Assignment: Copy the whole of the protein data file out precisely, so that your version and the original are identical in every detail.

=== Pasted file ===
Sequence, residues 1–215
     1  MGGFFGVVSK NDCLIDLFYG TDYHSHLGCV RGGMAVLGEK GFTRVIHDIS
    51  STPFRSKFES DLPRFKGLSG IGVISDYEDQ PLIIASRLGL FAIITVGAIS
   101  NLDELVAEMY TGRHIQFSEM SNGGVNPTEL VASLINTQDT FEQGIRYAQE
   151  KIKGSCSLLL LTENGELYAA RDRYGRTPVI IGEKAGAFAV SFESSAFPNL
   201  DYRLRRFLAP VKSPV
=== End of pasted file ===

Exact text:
Sequence, residues 1–215
     1  MGGFFGVVSK NDCLIDLFYG TDYHSHLGCV RGGMAVLGEK GFTRVIHDIS
    51  STPFRSKFES DLPRFKGLSG IGVISDYEDQ PLIIASRLGL FAIITVGAIS
   101  NLDELVAEMY TGRHIQFSEM SNGGVNPTEL VASLINTQDT FEQGIRYAQE
   151  KIKGSCSLLL LTENGELYAA RDRYGRTPVI IGEKAGAFAV SFESSAFPNL
   201  DYRLRRFLAP VKSPV